A breech birth happens when the baby is positioned in such a way that the feet or the buttocks are in a position to be delivered first. Most babies move toward a delivery position within the last few weeks prior to a delivery date and the head moves closer to the birth canal. Sometimes this doesn’t happen, however, and that results in the breech birth presentation.
Statistics About Breeched Babies
1. 1 out of every 25 full term births will be in the breech position.
2. There is a slightly elevated risk that a breech baby may have a birth defect and that the defect is what has caused the breech position to occur.
3. Breech babies are usually turned by the 37th week of pregnancy to avoid the breech position.
4. One method of chiropractic care, the Webster Breech Technique, has an 82% success rate in naturally turning babies who are in the breech position.
5. The amount of breech pregnancies that end up being in the Frank breech position: up to 70%.
6. A complete breech occurs in only 5-10% of total breech pregnancies.
7. The chances of a breech pregnancy occurring reduces with advancing gestational age: 22% of births at 28 weeks are breach, while 1-3% of full term births are breach.
8. Fetal abnormalities are observed in 17% of preterm breech deliveries.
9. Perinatal mortality is increased 2- to 4-fold with breech presentation no matter what the delivery mode happens to be.
10. The 3 most common reasons for fetal death are malformations, prematurity, and intrauterine demise.
11. Up to 4% of babies will begin labor in the breech position.
12. About 35% of breech babies in the United States end up being in an unfavorable position for a vaginal delivery.
13. If all breech deliveries were automatically converted to Caesarean sections, it is estimated that 630 fetal deaths would be prevented every year in the US.
14. The number of breech babies that are born because of an emergency C-section occurring while in the breech position: 1 in 200.
15. Moms who are diabetic are 3 times more likely to have a breech baby than the general population.
16. More than 60% of all women presenting in the unit for breech birth are first time mothers.
17. 93% of babies who are born in the breech position have no congenital abnormality of any kind.
18. Less than 10% of women who have a baby born in the breech position will have it happen a second time.
19. Smoking is associated with a 30% higher risk of a breech birth if it occurs during the pregnancy.
20. The risk of maternal death is 2.84 greater after a C-section if no emergency is present when compared to a natural birth.
21. There is a 6% chance for breech babies that the surgeon will cut the baby accidentally during the cesarean procedure.
22. The increase of risk in maternal mortality when a C-section is necessary to deliver a breech baby compared to a natural birth: up to 13 times.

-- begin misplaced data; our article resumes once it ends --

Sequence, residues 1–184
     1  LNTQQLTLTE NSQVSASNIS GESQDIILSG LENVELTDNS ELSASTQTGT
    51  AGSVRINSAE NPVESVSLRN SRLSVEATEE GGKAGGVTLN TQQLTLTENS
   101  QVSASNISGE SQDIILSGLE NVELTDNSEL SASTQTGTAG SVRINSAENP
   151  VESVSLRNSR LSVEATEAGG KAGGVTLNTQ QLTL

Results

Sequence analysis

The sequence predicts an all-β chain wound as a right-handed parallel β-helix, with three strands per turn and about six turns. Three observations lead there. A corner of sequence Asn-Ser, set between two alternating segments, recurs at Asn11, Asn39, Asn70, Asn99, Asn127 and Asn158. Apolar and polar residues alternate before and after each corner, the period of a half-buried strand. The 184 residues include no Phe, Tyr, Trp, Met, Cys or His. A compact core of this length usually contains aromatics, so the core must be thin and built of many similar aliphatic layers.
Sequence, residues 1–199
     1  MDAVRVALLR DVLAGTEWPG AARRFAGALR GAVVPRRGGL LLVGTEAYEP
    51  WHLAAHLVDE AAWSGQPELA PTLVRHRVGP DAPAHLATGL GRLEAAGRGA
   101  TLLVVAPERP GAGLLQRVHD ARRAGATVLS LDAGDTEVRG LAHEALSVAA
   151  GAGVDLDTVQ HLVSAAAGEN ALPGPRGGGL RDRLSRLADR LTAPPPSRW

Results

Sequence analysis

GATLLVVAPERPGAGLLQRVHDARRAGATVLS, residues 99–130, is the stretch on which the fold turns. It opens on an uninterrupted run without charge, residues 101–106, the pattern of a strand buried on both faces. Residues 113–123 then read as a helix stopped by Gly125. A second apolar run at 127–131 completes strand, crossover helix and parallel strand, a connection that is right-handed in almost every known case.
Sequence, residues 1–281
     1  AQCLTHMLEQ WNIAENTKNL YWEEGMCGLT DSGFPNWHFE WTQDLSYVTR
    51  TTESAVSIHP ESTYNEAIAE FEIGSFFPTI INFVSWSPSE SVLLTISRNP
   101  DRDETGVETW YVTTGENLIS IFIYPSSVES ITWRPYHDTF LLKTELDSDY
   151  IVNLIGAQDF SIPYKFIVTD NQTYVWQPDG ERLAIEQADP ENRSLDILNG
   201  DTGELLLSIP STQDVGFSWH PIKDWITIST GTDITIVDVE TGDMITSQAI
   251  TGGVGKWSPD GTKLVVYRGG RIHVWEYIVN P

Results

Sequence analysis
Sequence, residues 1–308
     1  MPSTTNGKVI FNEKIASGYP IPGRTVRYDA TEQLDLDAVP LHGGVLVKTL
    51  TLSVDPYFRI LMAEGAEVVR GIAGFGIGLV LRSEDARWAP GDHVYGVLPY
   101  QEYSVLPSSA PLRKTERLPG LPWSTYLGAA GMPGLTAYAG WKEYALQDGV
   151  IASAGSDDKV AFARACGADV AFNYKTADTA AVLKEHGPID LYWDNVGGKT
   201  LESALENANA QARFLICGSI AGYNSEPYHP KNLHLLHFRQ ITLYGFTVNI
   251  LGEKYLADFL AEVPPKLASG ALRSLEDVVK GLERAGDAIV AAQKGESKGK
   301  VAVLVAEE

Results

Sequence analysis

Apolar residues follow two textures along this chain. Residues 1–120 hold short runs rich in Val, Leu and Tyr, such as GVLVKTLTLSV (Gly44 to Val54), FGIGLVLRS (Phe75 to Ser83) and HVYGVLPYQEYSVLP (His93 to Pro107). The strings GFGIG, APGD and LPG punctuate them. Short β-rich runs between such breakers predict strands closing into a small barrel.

23. 1 out of every 10 babies that is born from the breech position will require resuscitation in order to be viable.
There are three different breech positions. The first, a footling or incomplete breech, has one or both of the baby’s feet pointed downward so that the feet would deliver first. The second, which is called a Frank breech, occurs when the baby’s buttocks are aimed at the birth canal and its legs are sticking straight up near its head. The final breech, the complete breech, happens when the legs are folded at the knees and the feet are near the buttocks, which are pointing downward.
It isn’t fully understood why some babies try to be delivered in a breech position. What is known is that the statistics show that there are some women who tend to be more likely to have a baby that wants to be in a breech position. A history of premature delivery, pregnancies of multiples, and in instances where there is not enough or too much amniotic fluid, breeches may occur.
Diagnosing a breech baby usually occurs with a simple abdominal examination. The doctor will place their hands on the abdomen to locate the baby’s head, back, and buttocks. If it feels like the baby is in a breech position, then an ultrasound will be used to confirm the suspicion. X-rays may also be ordered to determine if a breech baby can be naturally delivered or if a Caesarean section would become necessary.
How to Deal with a Breeched Baby
The first thing to do if a doctor diagnoses a mother with a breech baby is to breathe. Many breeches can be fixed by using natural turning methods.
It is scary when a pregnancy does not go as expected and because breech births tend to happen more often to first-time mothers than any other demographic, the levels of fear are even higher. The statistics show, however, that breech babies are just as viable as babies that are ready to be born in a natural position. Some of the statistics might seem scary, especially with the chances of maternal death occurring during an emergency C-section, but the overall results are very, very low. In comparative stats, mothers are more likely to die from complications of general anesthesia during surgery than they are because of issues during childbirth.
Because the breech position isn’t diagnosed until late in the third trimester, it is important to make sure every final appointment with an OB-GYN or other doctor is met. This will help to confirm where the baby has positioned itself for birth and will let new mothers know for certain whether or not the baby has turned. For most mothers, the baby will have turned. For those breech babies, there’s still a pretty good chance that the baby will turn anyway before birth.
The one piece of advice with a breech baby is this: try not to have an at-home birth if the baby does not turn before the delivery date. There can be complications to the birth, from resuscitation to abnormality formation to cord entanglement, and immediate hospitalization would be required.